When I told my cousin that I thought we should hike Tom Dick and Harry Mountain on Monday she laughed and said “Nice name.” It’s true, it is a somehow a little crass—but it had been on my list forever, and the weather had never cooperated before, so I was pretty excited to do it. We left Portland early, driving up the mountain under a slightly cloudy sky. I have to admit that I was only halfway present in the car. One half of my being was genuinely delighted to spend time with my cousin, who I don’t get to see often enough, but the other half was feeling cagey and anxious, running through a mental list of things I needed to do. I was fighting the feeling that I should be somewhere else at the beginning of my last week of class in the MFA, as a student and a teacher. I should be applying for jobs, I should be working on final projects, I should be grading my students’ essays. I should definitely not be flying on Highway 26 for a day-long trek up a mountain called Tom Dick and Harry.

I’ve been trying though to let go of the should feeling, the way it rattles around in my chest like a hive of angry bees, buzzing so loudly sometimes I could sense them infiltrating my ribcage. I told myself that I should be allowed days off, even after weekends away, even during busy times. I should be exactly where I was, spending time with my cousin and our dogs, doing one of our favorite activities together. But I didn’t start to really believe it until we got to the trailhead and crossed the first bridge, and from there every step up the trail was further confirmation that I was in fact doing exactly what I should be.

There are lots of ways the world makes us feel a little guilty if we aren’t constantly productive, and I’m learning all the ways that society’s expectations of work and our preoccupation with “busy-ness” can sometimes harm me. It takes effort to unlearn the heavy load of a lifetime of lessons in what makes us worthy, and finding a true balance of work, play, and the in-between. I don’t know if there’s anything concrete I can offer in the way of advice, but I do know that when we got to the top of the mountain and looked out over the Cascade Range I felt better than I had in weeks.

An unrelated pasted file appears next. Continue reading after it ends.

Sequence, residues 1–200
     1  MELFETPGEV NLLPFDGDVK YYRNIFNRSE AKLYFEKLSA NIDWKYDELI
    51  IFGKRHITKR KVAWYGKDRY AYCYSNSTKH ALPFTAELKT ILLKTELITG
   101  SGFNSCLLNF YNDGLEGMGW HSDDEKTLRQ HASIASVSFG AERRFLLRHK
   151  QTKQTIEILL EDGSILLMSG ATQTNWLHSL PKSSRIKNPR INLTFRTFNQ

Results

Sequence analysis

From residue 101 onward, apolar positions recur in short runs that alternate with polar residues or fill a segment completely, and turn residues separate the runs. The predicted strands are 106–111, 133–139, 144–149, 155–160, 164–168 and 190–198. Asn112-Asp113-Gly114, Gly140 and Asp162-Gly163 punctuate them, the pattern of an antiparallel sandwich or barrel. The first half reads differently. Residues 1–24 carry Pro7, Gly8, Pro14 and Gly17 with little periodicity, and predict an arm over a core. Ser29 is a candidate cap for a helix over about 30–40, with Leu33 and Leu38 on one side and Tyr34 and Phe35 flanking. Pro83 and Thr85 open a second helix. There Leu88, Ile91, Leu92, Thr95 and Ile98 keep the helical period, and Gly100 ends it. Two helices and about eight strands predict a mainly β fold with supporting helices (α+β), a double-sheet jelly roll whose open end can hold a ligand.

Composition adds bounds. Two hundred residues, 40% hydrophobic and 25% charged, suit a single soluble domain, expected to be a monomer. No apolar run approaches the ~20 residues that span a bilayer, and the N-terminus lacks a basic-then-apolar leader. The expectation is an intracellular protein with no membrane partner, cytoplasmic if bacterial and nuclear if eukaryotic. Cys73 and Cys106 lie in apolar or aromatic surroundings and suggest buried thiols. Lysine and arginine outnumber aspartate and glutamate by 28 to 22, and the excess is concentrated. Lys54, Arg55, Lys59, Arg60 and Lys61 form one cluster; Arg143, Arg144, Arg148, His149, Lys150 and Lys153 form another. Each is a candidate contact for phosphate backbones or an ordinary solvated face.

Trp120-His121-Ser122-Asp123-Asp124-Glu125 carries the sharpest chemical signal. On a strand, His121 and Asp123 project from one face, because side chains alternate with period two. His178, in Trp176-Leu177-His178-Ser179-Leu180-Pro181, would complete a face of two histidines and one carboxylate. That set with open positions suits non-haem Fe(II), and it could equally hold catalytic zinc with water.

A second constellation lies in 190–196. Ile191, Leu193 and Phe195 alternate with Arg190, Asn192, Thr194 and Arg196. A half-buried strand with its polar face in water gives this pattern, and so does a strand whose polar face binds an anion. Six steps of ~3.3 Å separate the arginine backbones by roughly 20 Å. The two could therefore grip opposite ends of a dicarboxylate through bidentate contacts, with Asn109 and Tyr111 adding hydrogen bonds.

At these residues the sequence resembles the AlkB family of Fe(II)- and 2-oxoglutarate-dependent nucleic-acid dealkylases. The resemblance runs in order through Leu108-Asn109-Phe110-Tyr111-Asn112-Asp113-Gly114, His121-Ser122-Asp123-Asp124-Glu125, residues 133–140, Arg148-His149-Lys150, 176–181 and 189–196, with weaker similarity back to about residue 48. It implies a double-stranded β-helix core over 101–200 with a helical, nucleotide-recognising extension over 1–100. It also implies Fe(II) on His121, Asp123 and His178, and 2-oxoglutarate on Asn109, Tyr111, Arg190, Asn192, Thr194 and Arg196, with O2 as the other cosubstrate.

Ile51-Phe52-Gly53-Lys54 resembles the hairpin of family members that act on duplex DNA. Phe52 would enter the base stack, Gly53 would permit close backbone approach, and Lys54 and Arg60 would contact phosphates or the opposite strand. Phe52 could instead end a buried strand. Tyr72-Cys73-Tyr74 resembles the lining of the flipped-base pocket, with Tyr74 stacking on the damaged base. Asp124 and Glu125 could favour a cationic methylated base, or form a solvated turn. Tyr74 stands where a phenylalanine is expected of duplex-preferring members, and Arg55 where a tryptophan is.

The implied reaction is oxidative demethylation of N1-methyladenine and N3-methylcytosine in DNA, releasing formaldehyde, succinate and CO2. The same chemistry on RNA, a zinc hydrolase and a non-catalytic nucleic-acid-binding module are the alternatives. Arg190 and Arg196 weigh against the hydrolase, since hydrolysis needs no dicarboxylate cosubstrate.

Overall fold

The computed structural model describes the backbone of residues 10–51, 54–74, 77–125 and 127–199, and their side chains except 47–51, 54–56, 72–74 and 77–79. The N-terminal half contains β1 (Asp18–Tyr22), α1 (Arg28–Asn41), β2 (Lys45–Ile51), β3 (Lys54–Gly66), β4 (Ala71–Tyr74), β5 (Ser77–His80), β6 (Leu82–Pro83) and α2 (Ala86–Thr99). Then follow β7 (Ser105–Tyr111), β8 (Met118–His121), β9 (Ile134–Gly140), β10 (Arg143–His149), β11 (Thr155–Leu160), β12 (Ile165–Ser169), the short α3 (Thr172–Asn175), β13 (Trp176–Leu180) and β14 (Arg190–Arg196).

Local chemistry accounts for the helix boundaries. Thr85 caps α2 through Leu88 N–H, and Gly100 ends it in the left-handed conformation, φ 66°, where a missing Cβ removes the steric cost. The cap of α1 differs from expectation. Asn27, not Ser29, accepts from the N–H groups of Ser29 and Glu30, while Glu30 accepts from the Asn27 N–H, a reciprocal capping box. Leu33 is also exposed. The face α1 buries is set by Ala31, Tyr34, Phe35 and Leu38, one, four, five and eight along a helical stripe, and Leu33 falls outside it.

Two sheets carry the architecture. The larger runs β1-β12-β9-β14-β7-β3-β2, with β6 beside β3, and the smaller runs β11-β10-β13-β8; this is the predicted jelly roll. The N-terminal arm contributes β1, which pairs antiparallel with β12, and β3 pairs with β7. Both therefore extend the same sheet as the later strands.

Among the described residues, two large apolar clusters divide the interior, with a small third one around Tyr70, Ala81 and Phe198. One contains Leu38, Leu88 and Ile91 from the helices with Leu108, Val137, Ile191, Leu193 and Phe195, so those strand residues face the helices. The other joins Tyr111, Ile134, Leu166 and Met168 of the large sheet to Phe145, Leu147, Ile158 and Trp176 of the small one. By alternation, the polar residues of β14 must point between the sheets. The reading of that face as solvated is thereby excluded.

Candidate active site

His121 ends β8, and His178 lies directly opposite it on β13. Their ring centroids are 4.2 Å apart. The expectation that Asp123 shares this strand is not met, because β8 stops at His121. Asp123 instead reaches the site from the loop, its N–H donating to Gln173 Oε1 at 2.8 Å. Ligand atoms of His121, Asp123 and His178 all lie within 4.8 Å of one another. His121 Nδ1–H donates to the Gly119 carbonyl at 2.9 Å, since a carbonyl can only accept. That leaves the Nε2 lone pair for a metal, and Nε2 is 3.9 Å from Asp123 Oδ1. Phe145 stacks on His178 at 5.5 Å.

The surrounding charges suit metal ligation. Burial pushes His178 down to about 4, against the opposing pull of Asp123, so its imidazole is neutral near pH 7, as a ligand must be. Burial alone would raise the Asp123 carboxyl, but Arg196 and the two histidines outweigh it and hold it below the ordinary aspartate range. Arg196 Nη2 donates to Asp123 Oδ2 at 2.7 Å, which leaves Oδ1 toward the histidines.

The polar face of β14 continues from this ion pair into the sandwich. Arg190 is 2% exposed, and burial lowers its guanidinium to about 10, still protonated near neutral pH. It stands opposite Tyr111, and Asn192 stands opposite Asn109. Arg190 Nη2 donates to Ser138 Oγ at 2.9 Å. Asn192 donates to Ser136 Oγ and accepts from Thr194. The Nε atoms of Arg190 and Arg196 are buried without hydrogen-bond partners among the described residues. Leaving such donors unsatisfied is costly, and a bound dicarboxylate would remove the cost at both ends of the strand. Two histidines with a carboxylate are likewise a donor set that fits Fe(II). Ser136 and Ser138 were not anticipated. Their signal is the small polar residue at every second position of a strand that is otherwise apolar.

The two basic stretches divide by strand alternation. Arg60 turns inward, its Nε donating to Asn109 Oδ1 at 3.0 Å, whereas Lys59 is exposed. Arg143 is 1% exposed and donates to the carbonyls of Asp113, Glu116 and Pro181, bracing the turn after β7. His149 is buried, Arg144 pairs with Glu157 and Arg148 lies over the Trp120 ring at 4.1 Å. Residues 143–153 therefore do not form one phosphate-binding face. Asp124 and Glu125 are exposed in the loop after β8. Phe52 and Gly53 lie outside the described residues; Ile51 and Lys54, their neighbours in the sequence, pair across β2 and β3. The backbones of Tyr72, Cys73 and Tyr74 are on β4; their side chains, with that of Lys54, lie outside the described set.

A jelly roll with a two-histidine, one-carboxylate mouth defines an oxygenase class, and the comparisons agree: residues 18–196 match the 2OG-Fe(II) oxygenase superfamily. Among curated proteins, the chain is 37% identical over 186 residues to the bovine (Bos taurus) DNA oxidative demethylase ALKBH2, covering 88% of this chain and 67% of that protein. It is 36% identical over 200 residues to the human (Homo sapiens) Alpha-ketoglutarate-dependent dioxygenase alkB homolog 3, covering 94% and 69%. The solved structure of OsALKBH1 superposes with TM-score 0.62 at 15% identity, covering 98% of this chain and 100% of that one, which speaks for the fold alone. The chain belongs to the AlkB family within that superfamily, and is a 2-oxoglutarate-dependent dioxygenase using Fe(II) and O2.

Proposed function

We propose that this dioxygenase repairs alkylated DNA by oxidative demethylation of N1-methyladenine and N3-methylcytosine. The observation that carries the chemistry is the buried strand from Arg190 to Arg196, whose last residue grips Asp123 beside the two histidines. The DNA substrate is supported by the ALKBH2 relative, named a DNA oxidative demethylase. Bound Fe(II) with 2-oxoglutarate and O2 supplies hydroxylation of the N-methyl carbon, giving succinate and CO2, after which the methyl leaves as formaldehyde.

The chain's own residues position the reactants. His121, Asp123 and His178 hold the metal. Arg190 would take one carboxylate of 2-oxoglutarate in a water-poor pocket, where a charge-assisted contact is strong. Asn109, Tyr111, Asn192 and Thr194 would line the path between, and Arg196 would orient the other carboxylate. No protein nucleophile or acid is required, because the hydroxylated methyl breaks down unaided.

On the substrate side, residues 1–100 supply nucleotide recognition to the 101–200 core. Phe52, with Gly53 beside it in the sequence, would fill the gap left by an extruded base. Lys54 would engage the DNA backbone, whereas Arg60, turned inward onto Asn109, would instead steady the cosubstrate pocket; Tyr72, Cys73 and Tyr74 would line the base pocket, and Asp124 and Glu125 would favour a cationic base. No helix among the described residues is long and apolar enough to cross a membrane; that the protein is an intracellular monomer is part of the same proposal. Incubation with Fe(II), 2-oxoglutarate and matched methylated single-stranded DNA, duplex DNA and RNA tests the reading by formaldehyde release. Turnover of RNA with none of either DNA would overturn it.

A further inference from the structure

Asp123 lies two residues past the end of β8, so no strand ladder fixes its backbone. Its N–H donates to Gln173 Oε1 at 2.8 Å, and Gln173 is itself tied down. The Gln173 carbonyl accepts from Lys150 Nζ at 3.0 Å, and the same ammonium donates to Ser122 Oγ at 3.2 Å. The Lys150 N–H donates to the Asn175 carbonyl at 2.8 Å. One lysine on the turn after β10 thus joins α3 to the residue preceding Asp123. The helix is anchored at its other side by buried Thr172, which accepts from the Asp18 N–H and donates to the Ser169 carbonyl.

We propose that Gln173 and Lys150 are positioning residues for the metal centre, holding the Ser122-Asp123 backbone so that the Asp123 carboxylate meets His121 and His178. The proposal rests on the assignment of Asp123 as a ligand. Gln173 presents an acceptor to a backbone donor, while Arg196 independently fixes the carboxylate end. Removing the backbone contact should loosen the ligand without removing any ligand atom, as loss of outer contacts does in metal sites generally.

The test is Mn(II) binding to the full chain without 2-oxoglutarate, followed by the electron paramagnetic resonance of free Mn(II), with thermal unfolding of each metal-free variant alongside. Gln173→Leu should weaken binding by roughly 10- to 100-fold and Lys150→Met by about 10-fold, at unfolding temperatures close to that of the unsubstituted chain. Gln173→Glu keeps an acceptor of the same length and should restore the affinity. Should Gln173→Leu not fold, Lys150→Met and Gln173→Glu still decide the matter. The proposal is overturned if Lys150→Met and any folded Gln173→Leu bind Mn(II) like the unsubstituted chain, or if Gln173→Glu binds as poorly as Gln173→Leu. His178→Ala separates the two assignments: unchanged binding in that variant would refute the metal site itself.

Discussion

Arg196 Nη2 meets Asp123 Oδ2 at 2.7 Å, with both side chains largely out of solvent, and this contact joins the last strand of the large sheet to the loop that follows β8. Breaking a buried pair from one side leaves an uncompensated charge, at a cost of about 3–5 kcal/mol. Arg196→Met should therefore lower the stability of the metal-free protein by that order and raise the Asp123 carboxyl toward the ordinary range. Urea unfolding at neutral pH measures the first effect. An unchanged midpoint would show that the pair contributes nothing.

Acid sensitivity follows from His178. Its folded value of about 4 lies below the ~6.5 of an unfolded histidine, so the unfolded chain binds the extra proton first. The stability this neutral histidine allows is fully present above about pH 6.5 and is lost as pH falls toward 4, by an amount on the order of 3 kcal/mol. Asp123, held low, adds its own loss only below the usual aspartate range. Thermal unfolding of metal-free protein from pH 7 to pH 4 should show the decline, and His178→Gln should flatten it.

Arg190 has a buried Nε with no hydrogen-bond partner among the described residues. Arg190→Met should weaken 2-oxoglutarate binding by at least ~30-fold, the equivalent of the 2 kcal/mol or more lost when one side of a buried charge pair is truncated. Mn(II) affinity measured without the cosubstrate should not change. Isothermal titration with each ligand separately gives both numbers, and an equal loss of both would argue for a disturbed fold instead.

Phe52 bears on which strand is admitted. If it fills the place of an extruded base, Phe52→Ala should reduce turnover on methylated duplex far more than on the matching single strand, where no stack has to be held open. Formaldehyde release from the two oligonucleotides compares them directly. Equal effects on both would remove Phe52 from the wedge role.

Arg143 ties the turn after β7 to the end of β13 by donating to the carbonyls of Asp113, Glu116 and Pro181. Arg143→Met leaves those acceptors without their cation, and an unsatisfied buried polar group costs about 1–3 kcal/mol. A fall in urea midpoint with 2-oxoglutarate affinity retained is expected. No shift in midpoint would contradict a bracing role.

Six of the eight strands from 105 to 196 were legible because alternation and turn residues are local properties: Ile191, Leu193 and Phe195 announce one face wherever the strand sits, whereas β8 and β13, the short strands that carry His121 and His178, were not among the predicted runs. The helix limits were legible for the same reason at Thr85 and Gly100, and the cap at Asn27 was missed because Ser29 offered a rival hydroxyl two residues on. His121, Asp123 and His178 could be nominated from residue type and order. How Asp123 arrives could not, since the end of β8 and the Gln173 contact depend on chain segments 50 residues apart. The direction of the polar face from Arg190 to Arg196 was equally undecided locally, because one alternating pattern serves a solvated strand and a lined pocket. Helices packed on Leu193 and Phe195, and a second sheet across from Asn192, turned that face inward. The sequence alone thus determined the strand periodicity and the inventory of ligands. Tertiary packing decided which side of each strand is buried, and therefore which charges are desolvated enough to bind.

From our perch atop Tom (the middle peak) we could see in front of us the stoic lines of Mt. Hood burnished bright and looming against a bluebird belly sky, so clear and dazzling it almost hurt to look at. We named the peaks we could see in the distance, staggered along the horizon line: Rainier, St. Helens, Adams, then Hood. Behind us the chain continued on with Jefferson, tiny pearls strung along a fault line of fire. The forest looked rumpled and cozy from the distance, like a thick quilt, dotted in the middle with the cerulean blue of mirror lake. Our dogs had splashed in it only an hour before, and now it was below us and small enough to touch.

From that vantage point it felt easy to see the many parts that made up the whole: each tree contributing to the forest, each boulder making the mountain. But it was the perspective of the larger picture that I needed that day, to know that I was getting lost counting the rocks and trees of my own life when I could be better served taking the 5,000 foot view. Maybe all I’m saying is that elevation, literal and metaphorical, is really the answer to most of the shoulds in life. At least right now, for me, that’s true.